Eating for IBS-D focuses on three main principles:
- Minimizing insoluble fiber. Eating less insoluble fiber means that your stools will be smaller and digestive transit time will be increased, so you won’t spend all day running to the toilet.
- Increasing soluble fiber: Yes, it sounds counter-intuitive to eat more fiber to treat diarrhea, but soluble fiber is actually helpful for all types of IBS. Soluble fiber soaks up liquid in the gut to form a gel-like substance that passes smoothly through the digestive tract. The result is solid, firm stools that are passed at regular intervals.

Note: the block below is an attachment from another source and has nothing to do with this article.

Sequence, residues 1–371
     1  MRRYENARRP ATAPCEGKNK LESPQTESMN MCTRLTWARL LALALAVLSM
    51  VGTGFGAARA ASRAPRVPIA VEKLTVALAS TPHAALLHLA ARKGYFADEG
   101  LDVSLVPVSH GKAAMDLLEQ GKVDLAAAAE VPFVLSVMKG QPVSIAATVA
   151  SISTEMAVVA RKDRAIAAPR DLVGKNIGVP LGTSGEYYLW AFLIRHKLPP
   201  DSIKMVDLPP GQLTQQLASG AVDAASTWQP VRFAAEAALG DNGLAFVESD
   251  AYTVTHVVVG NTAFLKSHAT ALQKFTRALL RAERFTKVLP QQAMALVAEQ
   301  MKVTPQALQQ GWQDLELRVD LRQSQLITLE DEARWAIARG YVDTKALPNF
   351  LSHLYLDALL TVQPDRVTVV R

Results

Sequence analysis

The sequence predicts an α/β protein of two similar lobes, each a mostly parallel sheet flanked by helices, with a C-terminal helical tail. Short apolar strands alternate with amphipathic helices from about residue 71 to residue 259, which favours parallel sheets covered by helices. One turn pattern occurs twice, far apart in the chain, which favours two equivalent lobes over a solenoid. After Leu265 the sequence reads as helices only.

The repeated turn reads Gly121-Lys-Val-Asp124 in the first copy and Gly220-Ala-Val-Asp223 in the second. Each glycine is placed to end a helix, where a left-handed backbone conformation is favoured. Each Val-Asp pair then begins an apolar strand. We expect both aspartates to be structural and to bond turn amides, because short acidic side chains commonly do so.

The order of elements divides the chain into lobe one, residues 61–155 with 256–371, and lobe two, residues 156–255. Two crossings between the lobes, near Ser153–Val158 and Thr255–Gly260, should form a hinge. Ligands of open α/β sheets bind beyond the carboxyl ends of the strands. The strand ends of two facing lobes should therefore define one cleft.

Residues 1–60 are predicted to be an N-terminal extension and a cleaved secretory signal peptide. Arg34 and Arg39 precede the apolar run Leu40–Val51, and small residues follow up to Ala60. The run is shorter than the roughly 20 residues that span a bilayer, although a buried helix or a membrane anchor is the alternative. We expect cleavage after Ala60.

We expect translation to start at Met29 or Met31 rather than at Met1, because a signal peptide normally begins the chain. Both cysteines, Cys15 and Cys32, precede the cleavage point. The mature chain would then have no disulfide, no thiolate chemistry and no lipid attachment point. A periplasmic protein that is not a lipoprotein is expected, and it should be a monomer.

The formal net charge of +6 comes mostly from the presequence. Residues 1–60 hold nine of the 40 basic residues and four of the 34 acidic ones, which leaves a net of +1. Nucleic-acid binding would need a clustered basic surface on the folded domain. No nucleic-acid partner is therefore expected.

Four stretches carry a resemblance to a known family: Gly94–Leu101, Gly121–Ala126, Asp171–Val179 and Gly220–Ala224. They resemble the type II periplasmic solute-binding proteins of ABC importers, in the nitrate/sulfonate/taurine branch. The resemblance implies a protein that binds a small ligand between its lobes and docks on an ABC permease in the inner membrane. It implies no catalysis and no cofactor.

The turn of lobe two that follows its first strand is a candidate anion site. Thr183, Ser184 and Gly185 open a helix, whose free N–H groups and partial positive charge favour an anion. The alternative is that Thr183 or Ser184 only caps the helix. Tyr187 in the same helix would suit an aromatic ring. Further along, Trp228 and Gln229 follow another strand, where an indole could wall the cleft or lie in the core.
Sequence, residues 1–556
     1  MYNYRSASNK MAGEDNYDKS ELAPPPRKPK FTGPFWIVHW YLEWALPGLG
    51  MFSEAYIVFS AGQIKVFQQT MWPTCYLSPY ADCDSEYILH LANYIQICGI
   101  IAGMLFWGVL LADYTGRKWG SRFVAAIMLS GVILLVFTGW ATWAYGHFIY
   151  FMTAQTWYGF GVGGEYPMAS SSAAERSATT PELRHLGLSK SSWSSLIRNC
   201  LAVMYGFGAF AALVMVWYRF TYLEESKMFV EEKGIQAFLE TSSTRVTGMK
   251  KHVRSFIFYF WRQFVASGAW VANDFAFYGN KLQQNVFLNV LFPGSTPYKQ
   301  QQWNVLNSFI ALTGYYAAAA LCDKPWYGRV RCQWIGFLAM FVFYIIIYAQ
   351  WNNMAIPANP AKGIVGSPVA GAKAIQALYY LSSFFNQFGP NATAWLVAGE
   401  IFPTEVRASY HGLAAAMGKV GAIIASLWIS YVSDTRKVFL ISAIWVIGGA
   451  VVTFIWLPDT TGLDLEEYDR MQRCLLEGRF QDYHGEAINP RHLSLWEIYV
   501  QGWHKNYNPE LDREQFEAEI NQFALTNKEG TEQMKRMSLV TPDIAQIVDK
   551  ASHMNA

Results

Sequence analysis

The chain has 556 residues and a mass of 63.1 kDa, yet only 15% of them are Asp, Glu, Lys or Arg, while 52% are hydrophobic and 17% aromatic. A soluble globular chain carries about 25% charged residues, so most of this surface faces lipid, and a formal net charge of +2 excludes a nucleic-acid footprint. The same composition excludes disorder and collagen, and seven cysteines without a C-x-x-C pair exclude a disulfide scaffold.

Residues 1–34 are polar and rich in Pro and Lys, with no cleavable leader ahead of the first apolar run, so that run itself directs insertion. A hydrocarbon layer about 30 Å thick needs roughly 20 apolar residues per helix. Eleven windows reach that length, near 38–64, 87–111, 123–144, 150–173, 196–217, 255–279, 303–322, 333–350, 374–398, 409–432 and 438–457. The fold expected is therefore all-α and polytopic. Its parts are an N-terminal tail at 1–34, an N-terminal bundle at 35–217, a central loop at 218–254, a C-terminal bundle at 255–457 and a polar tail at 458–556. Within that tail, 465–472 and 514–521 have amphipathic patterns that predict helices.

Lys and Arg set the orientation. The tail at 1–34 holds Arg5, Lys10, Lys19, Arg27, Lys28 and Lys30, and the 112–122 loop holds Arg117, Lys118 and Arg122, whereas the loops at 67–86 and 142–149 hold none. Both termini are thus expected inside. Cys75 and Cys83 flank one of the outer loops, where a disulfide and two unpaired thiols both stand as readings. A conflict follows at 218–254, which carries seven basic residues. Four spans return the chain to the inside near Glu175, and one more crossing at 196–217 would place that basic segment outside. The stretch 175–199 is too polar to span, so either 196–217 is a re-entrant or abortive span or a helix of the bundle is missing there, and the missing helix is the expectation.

- Avoiding FODMAP foods. Certain types of carbohydrates, known as FODMAP foods, release a lot of gas as they break down in the gut. These bubbles of gas cause pain, bloating and flatulence, and can also stop your colon from absorbing liquid correctly, leading to diarrhea.
Heather Van Varous’s book “Eating for IBS” is a great guide to a low FODMAP, low-residue diet suitable for IBS-D, being packed full of easy recipes that eliminate troublesome foods.
Heather Van Varous has suffered from IBS for over 30 years. Her experiences led her to research and develop her own range of Tummy Care products. She hosted the easy-digest cooking show “Heather Cooks!” and featured in the 4th edition of “Who’s Who in Medicine and Healthcare”. Heather regularly presents to researchers at the International Digestive Disease Week conference.